Before a successful carve-out, there are structural and personnel issues that must be considered. Not least, key issues around change management and employment law.
Managing the changes
How effective you are in preparing employees for a carve-out and communicating with them about the organisational separation will often be critical to the overall success of the project. The goal is to retain core competencies and the ability to conduct business well.
It is commonly accepted that merging two foreign organisational units into one is extremely challenging. It is even more difficult to separate longstanding and closely-integrated organisational entities.
Irrespective of the objectives of the carve-out, announcing the decision is bound to cause uncertainty among employees. The process requires strong leadership, especially in the early stages. It is important to provide transparent, comprehensive, and accurate information in order not to jeopardise the trust of employees, and to gain and retain their commitment to the change.
Neglecting this important aspect risks the loss of key employees. Communication – such as a town hall meeting, one-on-one conversation, newsletter, explanatory video, or individual email – must contain clear, consistent messages prepared beforehand and made binding for all. Carve-outs are usually highly complex and often take years to complete. Open, clear communication is essential throughout the entire process.
The second cornerstone of a successful transformation is around ‘involvement’. Your employees need to feel they are an important element, and beneficiary, of the carve-out, rather than an afterthought or an inconvenience. The potential for this issue to cause significant disruption if not handled well should not be underestimated.
Targeted coaching can help to quickly resolve any possible conflict situations. Differences of opinion, and the significant potential for conflict, can easily slow a project down and have a detrimental effect on the outcome.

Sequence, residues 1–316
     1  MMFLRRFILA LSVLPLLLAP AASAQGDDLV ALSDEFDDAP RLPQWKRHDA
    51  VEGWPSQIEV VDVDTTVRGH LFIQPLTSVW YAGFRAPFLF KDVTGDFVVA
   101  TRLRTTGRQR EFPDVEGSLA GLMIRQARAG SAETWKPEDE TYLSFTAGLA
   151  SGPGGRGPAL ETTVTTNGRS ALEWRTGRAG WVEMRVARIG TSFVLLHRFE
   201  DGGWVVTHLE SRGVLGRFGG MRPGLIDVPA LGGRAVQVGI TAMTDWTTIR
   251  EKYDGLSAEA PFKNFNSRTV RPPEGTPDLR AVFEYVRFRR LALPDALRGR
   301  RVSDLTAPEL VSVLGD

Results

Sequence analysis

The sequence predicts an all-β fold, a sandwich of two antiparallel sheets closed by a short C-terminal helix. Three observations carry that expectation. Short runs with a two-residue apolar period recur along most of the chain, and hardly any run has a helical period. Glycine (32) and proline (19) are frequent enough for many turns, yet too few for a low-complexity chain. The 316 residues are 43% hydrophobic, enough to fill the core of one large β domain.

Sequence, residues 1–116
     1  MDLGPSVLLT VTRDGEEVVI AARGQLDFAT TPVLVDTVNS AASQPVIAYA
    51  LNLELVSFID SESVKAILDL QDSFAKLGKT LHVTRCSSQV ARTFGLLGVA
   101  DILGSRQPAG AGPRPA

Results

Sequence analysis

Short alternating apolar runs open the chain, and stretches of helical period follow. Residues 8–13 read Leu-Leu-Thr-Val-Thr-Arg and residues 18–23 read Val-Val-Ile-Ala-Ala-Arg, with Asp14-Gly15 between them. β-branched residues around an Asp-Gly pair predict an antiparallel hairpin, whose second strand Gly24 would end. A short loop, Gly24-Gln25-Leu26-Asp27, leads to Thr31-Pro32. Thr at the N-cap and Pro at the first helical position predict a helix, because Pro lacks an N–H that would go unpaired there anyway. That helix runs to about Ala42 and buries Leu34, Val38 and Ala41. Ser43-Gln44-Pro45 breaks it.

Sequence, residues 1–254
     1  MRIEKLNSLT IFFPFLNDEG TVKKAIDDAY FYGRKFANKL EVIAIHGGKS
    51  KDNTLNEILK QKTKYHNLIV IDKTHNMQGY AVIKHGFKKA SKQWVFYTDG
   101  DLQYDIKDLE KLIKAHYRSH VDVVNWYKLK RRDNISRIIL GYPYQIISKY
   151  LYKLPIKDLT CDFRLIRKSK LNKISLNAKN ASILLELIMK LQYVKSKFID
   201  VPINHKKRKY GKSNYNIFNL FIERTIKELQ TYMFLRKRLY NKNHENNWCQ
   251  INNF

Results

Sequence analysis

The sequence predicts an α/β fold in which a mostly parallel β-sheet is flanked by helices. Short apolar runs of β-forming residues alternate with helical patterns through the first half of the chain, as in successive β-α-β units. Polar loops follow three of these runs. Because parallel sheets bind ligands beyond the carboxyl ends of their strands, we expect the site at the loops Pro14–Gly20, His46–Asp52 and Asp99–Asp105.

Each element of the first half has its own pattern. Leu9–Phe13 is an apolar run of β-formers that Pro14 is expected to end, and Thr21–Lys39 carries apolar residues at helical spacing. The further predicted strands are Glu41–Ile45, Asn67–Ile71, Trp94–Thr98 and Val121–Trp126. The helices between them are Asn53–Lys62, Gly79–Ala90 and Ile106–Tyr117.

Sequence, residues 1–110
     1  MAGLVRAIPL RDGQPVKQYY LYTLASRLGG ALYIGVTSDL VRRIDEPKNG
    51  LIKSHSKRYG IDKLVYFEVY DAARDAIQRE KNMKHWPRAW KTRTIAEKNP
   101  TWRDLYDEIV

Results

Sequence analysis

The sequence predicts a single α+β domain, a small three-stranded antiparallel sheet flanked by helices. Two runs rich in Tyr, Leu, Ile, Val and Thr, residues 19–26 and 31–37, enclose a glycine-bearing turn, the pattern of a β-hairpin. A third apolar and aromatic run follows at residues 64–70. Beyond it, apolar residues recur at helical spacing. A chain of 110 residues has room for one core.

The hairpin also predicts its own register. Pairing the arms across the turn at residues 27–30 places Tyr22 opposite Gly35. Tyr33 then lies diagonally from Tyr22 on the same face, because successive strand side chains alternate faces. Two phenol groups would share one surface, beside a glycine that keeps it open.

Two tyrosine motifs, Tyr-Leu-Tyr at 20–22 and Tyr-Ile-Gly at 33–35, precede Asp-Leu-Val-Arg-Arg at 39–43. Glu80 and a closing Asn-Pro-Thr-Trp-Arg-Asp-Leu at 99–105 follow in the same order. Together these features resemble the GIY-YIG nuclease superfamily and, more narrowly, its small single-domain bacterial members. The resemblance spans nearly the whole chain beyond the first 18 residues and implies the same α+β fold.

Finally, there must be a pragmatic but professional way to ensure that employees of the newly created organisation can operate quickly and safely in the new environment. They must be provided with the tools and training needed to familiarise themselves with the new structures, processes, and systems as early as possible.
Problems in the automotive industry are still existing due to the Covid-19 crisis. Employees are still in contract/short-term roles and capacities are not fully utilised due to the semiconductor shortage. Christian Back Partner, Mazars
Keeping on the right side of the law
As well as the morale, commitment, and engagement of staff, carve-outs also affect the employment status of those in the entity to be spun off. Before plans can be made, therefore, you need to consider the employment law implications, as well as the company’s overall business situation. Key considerations may include:
- Which employees will be assigned to the area to be spun off?
- What about employees who work in central areas (headquarter activities)?
- Do the people assigned to the NewCo constitute a holding or at least a part of the holding, as defined by labour law?
- Will the holding/partial holding resulting from the carve-out belong to a legal entity or does it itself constitute a legal entity?
For carve-outs implemented as part of an asset deal or a conversion process (e.g., a spin-off or split-off), questions relating to the transfer of operations need to be carefully formulated and clarified beforehand, and the legal ramifications assessed. How this is handled depends on whether the affected employees will be automatically transferred to a new legal entity (and thus a new employer) or remain with the old one.
In any transfer, it is important that the employees affected are fully informed in compliance with any legal requirements.
If it’s unclear whether the employees will be transferred automatically, it may require transfer agreements to be arranged with the affected employees. Questions relating to the applicable regulations must also be considered.
If it is a transfer, key questions need to be considered, such as whether the same corporate agreements still apply to the receiving legal entity, or if other agreements apply? Do the applicable collective agreements still apply or do other regulations now apply? And should a comparison be made between the different regulations to determine which are more advantageous to the employees?
The answers to these legal questions can significantly influence the decision of whether a carve-out is a sensible strategic option or not.
This article is part of a series of short articles about managing a successful carve-out. Other articles include:
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